- The first Detroit Auto show that was to be held in June has now been postponed to June 2021 and yes, this had to be done.
- The Chinese govt. has decided to extend the NEV subsidies for an additional 2 years, which includes waiving the 10% sales tax. A welcome announcement for the China EVStartups.
- Softbank is still at it. This time they’re in talks with Didi’s autonomous driving unit about a potential $300M investment.
- Lucid says it’ll push the intro of their production version of the Lucid Air out till August (originally scheduled for April), which means they likely will also be pushing out production with my guess being that they wouldn’t start delivering them until Q1/2’21.
- VW burning $2.2B USD / week! Currently, the China market is the only one generating any significant revenue for them. Talk about HIGH fixed costs, this could lead to layoffs and/or bailouts by the German govt.
TRENDING ON SOCIAL MEDIA:
- What are the greatest designs of the modern times, Fortune ranks the Top 100. Nodding my head in agreement for quite a few items on the list. Spoiler alert: Basically most Apple products on the list. As a sneakerhead, not enough iconic shoes (hello Sambas!?). Pretty US centric products. Would be great to see a contrast for Asia / EU.
- Learning apps for kids. For those of us (most of us), that need help with the kiddies since we started WingFH.
- The best car movies. In case you have some time on your hands and were wondering what to watch. Big fan of many of these movies and just saw ‘Dirty Mary, Crazy Larry’ for the first time two weeks ago.
PRODUCT / SERVICE INTRODUCTIONS
- Xiaomi introduces a city scooter called the A1 / A1 Pro. It’s light (115lbs) with a range of ~ 40ish miles. At $500-700 it should be a hit. Currently only to be sold in China. I may have a need for this.
- Straight Outta Amsterdam …well technically Nunspeet. Meet the Muto. I wouldn’t call a bike that €1,699 affordable but it looks like a pretty sweet, durable bike. This is a pretty detailed preview but will also try to get the scoop from one my good friends who happens to be Dutch.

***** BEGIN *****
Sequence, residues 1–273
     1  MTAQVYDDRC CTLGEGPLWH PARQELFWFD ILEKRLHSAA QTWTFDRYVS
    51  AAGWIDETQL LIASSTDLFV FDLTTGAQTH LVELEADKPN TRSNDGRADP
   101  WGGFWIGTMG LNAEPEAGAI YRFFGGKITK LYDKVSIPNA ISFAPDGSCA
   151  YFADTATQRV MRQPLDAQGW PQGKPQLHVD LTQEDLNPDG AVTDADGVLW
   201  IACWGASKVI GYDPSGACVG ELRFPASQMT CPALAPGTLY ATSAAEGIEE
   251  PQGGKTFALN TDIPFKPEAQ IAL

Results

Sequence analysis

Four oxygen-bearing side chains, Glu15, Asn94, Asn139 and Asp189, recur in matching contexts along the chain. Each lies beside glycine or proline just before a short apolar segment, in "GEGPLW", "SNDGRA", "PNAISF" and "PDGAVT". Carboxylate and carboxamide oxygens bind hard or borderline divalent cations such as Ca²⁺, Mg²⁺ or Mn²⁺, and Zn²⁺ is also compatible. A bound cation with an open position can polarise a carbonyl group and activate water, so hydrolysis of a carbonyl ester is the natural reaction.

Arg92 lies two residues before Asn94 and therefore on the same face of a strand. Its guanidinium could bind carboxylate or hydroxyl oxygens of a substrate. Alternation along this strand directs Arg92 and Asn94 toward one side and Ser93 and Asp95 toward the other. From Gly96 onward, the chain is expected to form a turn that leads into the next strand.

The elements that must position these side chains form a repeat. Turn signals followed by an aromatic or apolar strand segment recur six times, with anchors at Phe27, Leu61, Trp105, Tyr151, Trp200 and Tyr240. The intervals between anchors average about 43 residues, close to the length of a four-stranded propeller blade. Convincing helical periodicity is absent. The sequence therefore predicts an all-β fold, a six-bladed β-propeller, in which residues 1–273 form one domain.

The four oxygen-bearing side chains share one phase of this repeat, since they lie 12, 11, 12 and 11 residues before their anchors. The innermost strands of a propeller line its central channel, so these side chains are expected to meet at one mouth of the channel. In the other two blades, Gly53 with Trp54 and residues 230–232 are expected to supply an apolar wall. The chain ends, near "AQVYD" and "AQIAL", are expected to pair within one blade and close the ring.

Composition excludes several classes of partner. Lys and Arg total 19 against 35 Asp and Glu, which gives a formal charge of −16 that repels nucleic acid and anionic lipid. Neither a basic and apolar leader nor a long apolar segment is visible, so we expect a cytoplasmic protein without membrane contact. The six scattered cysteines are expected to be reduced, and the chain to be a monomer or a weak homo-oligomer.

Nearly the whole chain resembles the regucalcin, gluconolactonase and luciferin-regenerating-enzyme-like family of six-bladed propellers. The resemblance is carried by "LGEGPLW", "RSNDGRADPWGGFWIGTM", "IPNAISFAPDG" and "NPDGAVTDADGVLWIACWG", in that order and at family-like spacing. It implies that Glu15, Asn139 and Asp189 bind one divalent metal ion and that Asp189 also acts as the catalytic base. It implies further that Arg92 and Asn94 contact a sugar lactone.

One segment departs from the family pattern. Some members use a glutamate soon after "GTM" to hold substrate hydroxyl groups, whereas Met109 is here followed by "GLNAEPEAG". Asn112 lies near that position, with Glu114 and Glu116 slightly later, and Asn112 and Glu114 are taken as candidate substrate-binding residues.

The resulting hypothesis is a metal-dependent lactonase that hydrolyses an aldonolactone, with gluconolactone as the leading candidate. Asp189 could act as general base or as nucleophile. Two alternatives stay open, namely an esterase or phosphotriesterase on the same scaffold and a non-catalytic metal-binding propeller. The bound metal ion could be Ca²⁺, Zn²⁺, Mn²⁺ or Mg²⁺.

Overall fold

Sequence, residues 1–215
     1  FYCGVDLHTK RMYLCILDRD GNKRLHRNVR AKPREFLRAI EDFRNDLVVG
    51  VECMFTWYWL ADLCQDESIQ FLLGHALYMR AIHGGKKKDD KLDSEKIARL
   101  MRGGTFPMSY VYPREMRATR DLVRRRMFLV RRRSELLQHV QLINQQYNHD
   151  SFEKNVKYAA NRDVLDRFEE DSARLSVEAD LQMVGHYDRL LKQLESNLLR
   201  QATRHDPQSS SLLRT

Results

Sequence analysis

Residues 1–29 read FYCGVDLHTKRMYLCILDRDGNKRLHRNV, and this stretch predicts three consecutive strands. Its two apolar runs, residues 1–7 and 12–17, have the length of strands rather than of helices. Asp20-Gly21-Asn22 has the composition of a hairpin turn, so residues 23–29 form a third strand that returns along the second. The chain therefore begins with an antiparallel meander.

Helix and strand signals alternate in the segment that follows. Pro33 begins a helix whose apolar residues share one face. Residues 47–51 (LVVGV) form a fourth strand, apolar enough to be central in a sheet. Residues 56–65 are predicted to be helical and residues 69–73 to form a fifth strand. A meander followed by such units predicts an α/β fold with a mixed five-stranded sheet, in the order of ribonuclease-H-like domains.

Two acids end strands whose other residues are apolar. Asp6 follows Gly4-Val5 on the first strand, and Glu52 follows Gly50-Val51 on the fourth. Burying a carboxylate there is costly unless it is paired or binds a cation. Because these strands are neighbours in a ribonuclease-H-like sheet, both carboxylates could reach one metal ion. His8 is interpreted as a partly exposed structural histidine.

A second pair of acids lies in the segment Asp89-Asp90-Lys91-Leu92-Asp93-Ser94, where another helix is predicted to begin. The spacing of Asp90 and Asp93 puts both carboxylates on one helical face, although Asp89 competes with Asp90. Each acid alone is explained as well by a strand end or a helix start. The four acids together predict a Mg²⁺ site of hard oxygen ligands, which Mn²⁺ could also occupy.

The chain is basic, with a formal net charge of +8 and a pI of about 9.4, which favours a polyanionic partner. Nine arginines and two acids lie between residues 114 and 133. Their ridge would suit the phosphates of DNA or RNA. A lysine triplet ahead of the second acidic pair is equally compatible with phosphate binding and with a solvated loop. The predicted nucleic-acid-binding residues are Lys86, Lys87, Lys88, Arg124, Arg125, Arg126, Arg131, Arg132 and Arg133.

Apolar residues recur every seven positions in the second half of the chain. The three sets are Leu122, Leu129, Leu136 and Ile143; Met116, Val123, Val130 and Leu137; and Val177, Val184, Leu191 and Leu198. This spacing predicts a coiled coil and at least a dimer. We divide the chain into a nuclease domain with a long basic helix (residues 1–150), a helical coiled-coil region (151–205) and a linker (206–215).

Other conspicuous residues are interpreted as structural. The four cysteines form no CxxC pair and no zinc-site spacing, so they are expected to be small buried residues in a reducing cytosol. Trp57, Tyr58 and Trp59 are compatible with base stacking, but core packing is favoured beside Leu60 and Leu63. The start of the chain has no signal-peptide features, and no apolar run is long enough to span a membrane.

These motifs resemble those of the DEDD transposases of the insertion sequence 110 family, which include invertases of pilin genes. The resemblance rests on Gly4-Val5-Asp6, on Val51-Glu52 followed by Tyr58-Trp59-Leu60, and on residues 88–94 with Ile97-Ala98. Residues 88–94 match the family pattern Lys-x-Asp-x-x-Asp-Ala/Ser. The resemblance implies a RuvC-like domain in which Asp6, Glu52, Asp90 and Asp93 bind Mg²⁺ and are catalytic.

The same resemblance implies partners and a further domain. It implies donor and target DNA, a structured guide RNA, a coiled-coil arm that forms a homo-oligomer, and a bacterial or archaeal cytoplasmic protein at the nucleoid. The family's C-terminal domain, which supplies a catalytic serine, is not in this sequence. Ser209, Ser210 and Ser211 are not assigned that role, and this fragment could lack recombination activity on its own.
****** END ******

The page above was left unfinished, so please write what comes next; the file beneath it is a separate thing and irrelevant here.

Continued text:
This weekly newsletter is a collection of articles I feel best reflect the happenings of the week or important trends that have effects on the automotive and mobility sectors here and in the US, I also provide a point of view that I hope educates and sparks debate.
The Sino Auto Insights team
AI / AVs
Spoke with Alysha Webb, writing for Wards Intelligence about the gaining popularity of low speed autonomous vehicles for things like delivery & vending and how the coronavirus has likely accelerated their adoption. You may need a subscription to access.
An interesting topic since I think this could be the tipping point year for the low speed autonomous vehicles to really become a part of the mainstream amid the coronavirus pullback in traditional habits.
With the coronavirus pandemic pushing most people to avoid crowds, public transportation (subways / buses) ridership has taken a hit around the world. Due to the seriousness of the coronavirus scare and increased options for ‘last mile’ transportation, I think the move away from public transportation use is going to stick for those folks who remain hesitant to ride even after the coronavirus has been contained. The key will be whether or not these other options can continue to become more affordable and convenient.
One legitimate substitute for public transportation for those a bit closer to their destinations is the pedal bike, I use Mobikes almost daily. Further, the increased popularity of affordable electric bicycles will give those that are a bit farther away from their destinations a real option as well, likely eating into ridehailing share and revenue. People can choose to purchase the bikes or use them as part of a shared service.
Before the coronavirus, I thought that public transportation was going to combine with other modes of ‘last mile’ mobility to create a transportation ‘network’ to help people get from point A to B. Unless local govts. can ensure safety, convenience and affordability when riding on them, public transportation may be completely substituted out as a transportation option.
In order to get as many of those riders they lost back, they need to wait out the virus until it’s been contained, then roll out a marketing campaign along with incentives (read: free rides) in order to attract those customers they lost and potentially new ones.
Bafang, one of China’s largest e-bike components / systems manufacturers has just unveiled its new M200 e-bike system that hopes to push prices of e-bikes under the $1K pricepoint.
We are beginning to have many options when it comes to electric bicycles but most are still >$1.5K pricepoint and IMHO, the tipping point price on them need to be somewhere closer to $600-700. We are getting there and I am certain that we’ll see a more affordable electric bicycle intro’d before summer.
In separate efforts, GM, Ford, Tesla and Toyota are all working to get more ventilators in the hands of US hospitals as the number of coronavirus cases increases significantly causing overcrowding and a shortage of PPE (personal protective equipment) and ventilators.